On the day of execution, the prisoner was taken from their cell, photographed and fingerprinted. They were then taken to the execution chamber and handcuffed to a cross like wooden frame with their back to the machine gun, four meters behind them. A white cloth blindfold is applied and the hands tied with a sacred Buddhist cord. Flowers are hung from the prisoners hands as an offering to Buddha and a canvas screen is pulled between the condemned and the gun. A target is fixed onto the screen level with the prisoners heart and the gun aimed at the centre of the target. The executioner takes up his position, watching another member of the execution team who raises a red flag, and on the signal from the prison governor, the flag is dropped and the executioner fires a fully automatic burst of 15 rounds into the victims heart.
sounds like just the thing to use on criminal politicians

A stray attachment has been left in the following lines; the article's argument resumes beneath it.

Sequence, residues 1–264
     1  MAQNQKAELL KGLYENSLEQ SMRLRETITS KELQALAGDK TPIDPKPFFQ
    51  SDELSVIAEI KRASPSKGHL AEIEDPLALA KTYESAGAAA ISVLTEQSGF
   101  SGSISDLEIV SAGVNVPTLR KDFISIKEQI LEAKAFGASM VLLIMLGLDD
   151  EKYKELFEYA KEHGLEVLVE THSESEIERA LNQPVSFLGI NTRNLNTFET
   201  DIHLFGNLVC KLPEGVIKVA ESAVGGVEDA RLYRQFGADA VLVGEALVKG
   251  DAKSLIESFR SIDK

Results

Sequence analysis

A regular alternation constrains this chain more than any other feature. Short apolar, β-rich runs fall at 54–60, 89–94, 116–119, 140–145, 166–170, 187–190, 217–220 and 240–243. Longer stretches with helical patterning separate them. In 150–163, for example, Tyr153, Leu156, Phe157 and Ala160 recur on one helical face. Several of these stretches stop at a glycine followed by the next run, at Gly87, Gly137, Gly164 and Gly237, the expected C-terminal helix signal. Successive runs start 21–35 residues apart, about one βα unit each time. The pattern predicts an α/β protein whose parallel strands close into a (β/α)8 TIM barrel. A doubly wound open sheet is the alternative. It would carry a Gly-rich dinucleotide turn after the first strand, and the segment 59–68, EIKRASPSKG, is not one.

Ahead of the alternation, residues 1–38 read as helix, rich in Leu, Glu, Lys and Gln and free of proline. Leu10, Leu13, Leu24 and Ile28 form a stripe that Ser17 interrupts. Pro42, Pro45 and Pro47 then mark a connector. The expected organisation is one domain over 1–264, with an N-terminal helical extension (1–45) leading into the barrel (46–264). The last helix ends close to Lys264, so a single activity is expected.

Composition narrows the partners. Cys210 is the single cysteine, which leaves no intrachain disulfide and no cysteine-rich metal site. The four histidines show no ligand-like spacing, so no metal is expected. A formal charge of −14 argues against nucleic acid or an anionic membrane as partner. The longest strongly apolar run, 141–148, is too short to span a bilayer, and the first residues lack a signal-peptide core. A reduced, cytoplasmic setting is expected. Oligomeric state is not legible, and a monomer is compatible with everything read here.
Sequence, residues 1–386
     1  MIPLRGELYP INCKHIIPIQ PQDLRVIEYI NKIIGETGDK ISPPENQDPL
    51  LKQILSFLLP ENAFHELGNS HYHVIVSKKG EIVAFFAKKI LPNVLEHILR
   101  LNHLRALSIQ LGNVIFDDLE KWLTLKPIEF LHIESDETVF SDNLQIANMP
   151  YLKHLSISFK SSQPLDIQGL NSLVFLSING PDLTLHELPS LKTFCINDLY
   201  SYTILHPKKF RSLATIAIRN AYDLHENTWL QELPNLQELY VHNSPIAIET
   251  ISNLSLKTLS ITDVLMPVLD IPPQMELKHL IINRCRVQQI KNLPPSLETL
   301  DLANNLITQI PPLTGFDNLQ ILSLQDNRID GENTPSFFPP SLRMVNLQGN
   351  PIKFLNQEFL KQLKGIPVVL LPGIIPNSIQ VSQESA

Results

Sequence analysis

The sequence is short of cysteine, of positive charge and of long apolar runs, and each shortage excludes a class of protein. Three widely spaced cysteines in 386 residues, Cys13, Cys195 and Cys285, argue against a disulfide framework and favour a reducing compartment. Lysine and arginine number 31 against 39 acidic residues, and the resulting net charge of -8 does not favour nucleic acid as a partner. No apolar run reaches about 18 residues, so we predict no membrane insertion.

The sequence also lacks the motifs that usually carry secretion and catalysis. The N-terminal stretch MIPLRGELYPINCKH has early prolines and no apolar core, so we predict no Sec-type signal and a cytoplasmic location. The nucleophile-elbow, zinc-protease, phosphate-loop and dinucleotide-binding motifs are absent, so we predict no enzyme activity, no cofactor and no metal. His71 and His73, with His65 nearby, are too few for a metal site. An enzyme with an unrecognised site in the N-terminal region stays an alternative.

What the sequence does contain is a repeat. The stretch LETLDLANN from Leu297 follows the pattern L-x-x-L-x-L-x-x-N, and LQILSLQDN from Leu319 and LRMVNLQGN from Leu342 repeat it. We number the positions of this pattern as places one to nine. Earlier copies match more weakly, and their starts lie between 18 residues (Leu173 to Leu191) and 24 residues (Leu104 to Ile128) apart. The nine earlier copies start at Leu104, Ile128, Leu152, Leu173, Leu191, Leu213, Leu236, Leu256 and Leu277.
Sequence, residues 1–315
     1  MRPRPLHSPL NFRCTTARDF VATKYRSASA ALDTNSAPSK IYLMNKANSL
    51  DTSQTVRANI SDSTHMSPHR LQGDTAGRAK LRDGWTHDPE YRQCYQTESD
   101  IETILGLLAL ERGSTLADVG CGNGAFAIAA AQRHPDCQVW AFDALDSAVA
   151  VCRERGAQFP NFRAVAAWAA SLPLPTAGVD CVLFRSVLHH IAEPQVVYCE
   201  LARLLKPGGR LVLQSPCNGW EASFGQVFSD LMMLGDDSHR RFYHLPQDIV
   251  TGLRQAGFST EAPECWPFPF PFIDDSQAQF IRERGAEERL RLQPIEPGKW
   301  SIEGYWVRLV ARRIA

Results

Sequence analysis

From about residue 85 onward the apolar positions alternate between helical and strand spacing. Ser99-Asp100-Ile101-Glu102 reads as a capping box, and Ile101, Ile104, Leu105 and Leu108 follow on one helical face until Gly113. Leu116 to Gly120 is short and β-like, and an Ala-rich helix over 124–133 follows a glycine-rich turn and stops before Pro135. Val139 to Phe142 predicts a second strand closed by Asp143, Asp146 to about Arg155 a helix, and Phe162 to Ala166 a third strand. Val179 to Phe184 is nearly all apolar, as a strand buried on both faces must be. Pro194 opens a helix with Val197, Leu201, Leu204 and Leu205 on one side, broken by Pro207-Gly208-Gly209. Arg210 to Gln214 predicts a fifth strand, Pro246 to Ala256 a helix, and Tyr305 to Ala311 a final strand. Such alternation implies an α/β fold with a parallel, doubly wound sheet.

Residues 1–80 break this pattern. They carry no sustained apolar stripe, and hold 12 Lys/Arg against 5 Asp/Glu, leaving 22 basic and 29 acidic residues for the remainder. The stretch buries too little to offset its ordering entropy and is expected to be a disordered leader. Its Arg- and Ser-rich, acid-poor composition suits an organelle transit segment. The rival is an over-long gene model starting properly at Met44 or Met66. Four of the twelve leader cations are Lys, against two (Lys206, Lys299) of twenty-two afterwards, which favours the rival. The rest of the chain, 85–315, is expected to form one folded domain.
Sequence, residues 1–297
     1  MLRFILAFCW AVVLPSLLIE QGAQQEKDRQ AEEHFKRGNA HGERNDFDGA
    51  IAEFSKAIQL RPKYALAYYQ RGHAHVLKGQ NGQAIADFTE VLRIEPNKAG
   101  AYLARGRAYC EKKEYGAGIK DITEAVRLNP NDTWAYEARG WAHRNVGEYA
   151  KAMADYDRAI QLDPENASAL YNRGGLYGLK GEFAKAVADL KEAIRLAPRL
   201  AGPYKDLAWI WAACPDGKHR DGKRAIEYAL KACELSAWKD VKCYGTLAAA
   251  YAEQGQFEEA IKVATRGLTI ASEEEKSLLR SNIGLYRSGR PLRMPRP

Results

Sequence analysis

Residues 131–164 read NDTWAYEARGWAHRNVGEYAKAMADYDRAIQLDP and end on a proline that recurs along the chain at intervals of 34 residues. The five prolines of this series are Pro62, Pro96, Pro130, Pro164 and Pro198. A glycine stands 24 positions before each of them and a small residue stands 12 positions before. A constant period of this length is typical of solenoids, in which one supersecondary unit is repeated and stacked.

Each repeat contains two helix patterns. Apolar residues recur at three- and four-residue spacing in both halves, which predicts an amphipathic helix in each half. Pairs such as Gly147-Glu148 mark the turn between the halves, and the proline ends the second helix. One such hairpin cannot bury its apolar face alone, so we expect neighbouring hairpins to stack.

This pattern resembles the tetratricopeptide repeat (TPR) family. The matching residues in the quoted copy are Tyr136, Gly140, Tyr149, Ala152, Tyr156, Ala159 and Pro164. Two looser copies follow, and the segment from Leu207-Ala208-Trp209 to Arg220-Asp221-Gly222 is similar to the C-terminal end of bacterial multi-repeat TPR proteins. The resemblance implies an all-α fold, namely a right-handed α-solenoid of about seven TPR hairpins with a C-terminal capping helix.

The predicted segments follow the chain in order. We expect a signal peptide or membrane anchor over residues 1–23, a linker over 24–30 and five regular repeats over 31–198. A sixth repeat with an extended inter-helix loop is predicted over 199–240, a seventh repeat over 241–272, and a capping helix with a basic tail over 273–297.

I am absolutely for the death penalty, when there is physical evidence tying the suspect to the crime.
Without physical evidence, however, we can have a case like that of Tim Masters, who was falsely imprisoned after a kangaroo trial where the prosecutors used weak circumstantial evidence to fabricate a case against him. No murder weapon was found, no blood was found anywhere on his clothes or in his house, there was nothing to tie him to the crime at all. He was imprisoned for 10 years. He has since sued for wrongful imprisonment and received $10 million for it. It’s a shame the taxpayers have to foot the bill for that—as much as possible of that should be taken from the prosecutors who railroaded him.